Beyond taking the all-time record from the final day of John Paul II’s 1995 visit in the same place, it is significant that today’s mass of humanity did not come in the context of a World Youth Day, unlike the prior title-holder and Francis’ draw of 3 million to the closing of 2013’s WYD on Rio de Janiero’s Copacabana beach. What’s more, while John Paul’s last trip to Asia was commonly understood as a “farewell” to a pontiff who was entering the pantheon of legend in his 17th year as Pope, Francis has now presided over the two largest papal crowds ever within the first two years of his pontificate.

To those who scowl at Francis in our day for characteristics and priorities that we have seen on display clearly enough even on this Philippines visit — because he is not attentive enough to the prettiness of the liturgy (that damned yellow poncho!) or because his language at times lacks theological precision (“if someone says a swearword against my mother, of course he’ll get a punch in the nose”) — we should all have the wisdom and common sense to say, “You are silly,” and then to ignore them. Because may God protect us from getting so wrapped up in those peripherals that we keep ourselves from following the direction of Francis’s pointing finger, pointing to Christ, and from allowing his simple, loving, and humble witness from forming us into better Christians.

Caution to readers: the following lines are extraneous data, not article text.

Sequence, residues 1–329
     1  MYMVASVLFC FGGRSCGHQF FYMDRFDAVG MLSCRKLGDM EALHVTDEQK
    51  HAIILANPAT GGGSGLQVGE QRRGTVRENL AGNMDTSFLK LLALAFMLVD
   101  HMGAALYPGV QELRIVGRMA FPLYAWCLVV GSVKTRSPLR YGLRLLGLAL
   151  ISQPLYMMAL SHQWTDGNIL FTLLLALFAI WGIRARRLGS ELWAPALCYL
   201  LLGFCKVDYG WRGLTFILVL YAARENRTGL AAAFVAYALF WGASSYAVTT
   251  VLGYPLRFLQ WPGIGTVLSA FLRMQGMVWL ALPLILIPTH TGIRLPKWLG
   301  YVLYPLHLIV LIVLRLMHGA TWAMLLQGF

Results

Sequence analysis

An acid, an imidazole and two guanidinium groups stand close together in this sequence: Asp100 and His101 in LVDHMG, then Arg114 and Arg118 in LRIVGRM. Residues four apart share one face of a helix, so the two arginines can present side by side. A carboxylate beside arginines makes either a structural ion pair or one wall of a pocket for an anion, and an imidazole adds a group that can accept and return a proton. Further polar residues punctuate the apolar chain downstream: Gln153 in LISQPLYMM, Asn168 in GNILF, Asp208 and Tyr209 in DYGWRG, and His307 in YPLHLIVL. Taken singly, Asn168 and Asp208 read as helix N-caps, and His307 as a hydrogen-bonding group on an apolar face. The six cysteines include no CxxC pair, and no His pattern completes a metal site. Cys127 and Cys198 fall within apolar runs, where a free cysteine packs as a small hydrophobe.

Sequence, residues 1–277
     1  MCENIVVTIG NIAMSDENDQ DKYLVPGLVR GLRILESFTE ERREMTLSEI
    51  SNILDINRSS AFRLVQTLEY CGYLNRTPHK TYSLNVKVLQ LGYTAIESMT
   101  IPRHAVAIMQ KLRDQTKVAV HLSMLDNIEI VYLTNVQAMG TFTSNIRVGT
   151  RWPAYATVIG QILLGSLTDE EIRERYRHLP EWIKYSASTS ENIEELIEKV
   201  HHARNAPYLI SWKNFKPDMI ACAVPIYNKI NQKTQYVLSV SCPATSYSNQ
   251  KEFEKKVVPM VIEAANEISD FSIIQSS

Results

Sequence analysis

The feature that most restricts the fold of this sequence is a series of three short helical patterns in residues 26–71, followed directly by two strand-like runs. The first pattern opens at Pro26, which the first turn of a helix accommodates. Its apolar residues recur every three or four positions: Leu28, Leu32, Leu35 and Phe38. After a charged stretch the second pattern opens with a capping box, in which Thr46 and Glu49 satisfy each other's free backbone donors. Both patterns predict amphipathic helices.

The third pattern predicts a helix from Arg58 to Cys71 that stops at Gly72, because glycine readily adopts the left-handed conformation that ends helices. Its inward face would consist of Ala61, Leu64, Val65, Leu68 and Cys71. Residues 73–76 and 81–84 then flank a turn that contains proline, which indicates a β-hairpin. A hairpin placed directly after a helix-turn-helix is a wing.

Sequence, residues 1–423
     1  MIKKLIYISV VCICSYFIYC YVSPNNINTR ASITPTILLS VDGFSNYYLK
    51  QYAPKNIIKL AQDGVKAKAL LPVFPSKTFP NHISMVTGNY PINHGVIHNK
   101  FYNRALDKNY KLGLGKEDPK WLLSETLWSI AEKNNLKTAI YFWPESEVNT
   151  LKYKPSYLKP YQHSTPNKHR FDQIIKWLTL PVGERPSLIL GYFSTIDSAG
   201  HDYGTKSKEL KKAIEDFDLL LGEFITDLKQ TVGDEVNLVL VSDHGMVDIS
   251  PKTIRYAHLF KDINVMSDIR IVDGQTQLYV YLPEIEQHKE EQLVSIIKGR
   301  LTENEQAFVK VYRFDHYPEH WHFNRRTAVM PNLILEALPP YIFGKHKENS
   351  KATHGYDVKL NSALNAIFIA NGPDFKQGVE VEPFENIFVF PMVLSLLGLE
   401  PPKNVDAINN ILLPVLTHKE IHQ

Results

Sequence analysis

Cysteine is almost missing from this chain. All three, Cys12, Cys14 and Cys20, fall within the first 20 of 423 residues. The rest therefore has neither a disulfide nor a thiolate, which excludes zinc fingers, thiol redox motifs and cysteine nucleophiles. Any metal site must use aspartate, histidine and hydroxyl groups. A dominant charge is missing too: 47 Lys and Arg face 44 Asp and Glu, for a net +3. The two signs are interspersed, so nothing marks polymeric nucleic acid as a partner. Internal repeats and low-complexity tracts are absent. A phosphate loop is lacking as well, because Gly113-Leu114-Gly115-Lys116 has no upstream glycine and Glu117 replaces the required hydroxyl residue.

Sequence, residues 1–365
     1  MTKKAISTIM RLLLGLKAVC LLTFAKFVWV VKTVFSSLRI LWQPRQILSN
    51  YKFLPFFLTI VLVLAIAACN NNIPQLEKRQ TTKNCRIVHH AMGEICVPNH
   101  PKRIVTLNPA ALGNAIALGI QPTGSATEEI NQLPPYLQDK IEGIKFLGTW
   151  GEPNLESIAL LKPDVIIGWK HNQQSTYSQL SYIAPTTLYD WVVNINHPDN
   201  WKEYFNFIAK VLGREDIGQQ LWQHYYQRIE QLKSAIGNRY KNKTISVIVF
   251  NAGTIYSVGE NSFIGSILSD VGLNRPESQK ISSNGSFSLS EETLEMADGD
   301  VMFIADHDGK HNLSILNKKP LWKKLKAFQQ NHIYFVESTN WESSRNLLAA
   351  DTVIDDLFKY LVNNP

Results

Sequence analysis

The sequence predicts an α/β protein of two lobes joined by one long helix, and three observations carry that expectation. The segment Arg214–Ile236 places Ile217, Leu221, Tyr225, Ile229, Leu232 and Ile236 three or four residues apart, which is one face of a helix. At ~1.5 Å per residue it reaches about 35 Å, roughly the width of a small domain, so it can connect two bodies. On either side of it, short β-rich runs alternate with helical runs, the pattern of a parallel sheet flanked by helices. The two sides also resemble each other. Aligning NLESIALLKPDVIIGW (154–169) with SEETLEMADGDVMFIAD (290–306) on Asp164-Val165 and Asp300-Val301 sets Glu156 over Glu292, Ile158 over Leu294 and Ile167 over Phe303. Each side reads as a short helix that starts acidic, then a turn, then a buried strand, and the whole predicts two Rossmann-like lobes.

“An extraordinarily important book”

Here’s some exciting advance feedback on my new book Struggle, Condemnation, Vindication: John Courtney Murray’s Journey toward Vatican II. It comes from Mark Massa, SJ, who is professor of church history at Boston College and the author of several highly regarded books on the history of the church in the United States. About my book, Massa has said:

“This is an extraordinarily important book — arguably the most important study of the thought and influence of John Courtney Murray in 40 years. Hudock elucidates how Murray’s contribution to North American and world Catholicism transcends the tired political labels of our time, so that both Catholic ‘liberals’ and ‘conservatives’ have benefited from his forceful defense of religious liberty and freedom of conscience. A must-read.”

My thanks to Fr. Massa for his gracious words!

The book will be available in May. More on it (including the chance to pre-order a copy) here.

Let me introduce you and your group to John Courtney Murray

I’m interested in spending a good chunk of my time during 2015 talking about Fr. John Courtney Murray. This guy lived out a real-life theological adventure story, he faced some powerful opposition gracefully and obediently, and he ended up having a bigger impact on the doctrine of the Catholic Church than any American has ever had. I had such a great time learning about him and writing about him for my new book, I’m itching to get the word out about him among Catholics today. Not enough of us know about him.